California looks to transition to 100 percent renewable energy by 2045

"When it comes to our clean air and climate change, we are not backing down"

Published August 2, 2017 7:50PM (EDT)

 (Getty/David McNew)
(Getty/David McNew)

California has developed a plan that would transform the state to be reliant on 100 percent renewable energy sources by 2045.

If the bill is signed into law, California and Hawaii will become the only two states that require 100 percent renewable energy use by 2045, according to Forbes. California State Senate President Kevin de León, a Democrat from Los Angeles, originally introduced the plan — which has already passed the state senate, the Assembly Natural Resources Committee and the Assembly Utilities and Energy Committee. The bill will likely land on Gov. Jerry Brown’s desk, according to KPBS.

"When it comes to our clean air and climate change, we are not backing down," de León said on May 31, just before President Donald Trump announced a withdrawal from the Paris climate accord. "We are sending a clear message to the rest of the world that no president, no matter how desperately they try to ignore reality, can halt our progress."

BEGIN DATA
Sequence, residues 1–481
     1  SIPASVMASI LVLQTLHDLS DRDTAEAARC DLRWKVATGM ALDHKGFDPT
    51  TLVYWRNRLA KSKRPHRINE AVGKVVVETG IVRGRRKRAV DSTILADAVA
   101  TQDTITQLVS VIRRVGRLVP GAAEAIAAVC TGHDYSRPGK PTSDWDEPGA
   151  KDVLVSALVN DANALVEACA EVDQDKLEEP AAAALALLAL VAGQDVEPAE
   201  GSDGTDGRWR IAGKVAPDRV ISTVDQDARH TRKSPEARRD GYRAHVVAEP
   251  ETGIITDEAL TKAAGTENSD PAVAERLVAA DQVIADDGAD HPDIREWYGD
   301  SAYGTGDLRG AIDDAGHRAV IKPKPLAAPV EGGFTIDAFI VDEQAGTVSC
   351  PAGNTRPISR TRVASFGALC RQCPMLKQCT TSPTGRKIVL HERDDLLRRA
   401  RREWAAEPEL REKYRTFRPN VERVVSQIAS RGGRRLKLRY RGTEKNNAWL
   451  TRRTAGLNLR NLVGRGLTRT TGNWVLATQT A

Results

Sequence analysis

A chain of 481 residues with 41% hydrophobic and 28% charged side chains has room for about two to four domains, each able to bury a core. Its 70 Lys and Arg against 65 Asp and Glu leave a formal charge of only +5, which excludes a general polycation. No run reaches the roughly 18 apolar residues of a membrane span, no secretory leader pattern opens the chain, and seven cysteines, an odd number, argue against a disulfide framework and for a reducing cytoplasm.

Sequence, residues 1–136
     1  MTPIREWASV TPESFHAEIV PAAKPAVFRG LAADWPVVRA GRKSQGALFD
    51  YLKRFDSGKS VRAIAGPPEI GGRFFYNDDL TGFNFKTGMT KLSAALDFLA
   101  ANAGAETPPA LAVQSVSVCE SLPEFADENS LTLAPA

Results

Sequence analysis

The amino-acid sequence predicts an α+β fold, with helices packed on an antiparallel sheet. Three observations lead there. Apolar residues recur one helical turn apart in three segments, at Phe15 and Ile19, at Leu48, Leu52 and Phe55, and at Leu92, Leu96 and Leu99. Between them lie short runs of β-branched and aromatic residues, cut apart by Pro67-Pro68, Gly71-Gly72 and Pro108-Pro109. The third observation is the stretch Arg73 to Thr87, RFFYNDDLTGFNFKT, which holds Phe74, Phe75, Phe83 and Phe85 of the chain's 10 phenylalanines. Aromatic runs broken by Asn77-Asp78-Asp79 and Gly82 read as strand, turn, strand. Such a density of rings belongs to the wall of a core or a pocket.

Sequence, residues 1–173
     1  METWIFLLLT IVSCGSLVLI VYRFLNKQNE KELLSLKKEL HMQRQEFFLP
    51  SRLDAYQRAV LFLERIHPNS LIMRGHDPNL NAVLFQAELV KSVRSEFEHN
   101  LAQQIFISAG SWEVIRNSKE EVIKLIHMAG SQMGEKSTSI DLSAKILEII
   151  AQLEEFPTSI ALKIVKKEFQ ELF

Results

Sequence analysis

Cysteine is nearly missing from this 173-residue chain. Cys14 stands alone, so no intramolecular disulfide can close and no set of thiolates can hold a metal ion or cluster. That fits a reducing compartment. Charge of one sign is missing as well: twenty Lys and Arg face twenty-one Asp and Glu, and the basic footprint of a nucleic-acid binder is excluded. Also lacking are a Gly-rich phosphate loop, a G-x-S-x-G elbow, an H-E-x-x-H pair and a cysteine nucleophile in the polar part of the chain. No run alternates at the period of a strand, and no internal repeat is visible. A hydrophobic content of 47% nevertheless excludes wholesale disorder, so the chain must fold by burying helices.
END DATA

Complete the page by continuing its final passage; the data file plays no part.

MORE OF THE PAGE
The bill, SB 100, would "set limits on California's hydrocarbon consumption and aim to gradually increase renewable energy consumption in the coming decades," according to Forbes.

"SB100 promises to reduce the impact of climate change by limiting fossil fuel use, in addition to creating productive new jobs in the renewable energy sector," the Sierra Club wrote. "The passing of SB100 establishes California as a global leader in the environment, especially important as the federal government fails to commit to renewable energy."

But despite the obvious benefits, there are certain challenges the state will face and have to take into account.

Forbes elaborated:

California currently imports about 33 percent of its electricity from outside of the state. Of that 33 percent, 6 percent is from coal. This is compared to the 25 percent of energy imported into California in 2010 from outside states . . . . California will need to flip the trend in energy importing and begin to produce enough energy to become self-sustaining. Not an insignificant task.

"Imagine knowing that 28 years ago that Google, Facebook, Amazon, Uber, Lyft as well as the iPhone, were just around the corner. That is the kind of opportunity we have today, right here, in California, with clean energy," de León said, according to KPBS.

By Charlie May

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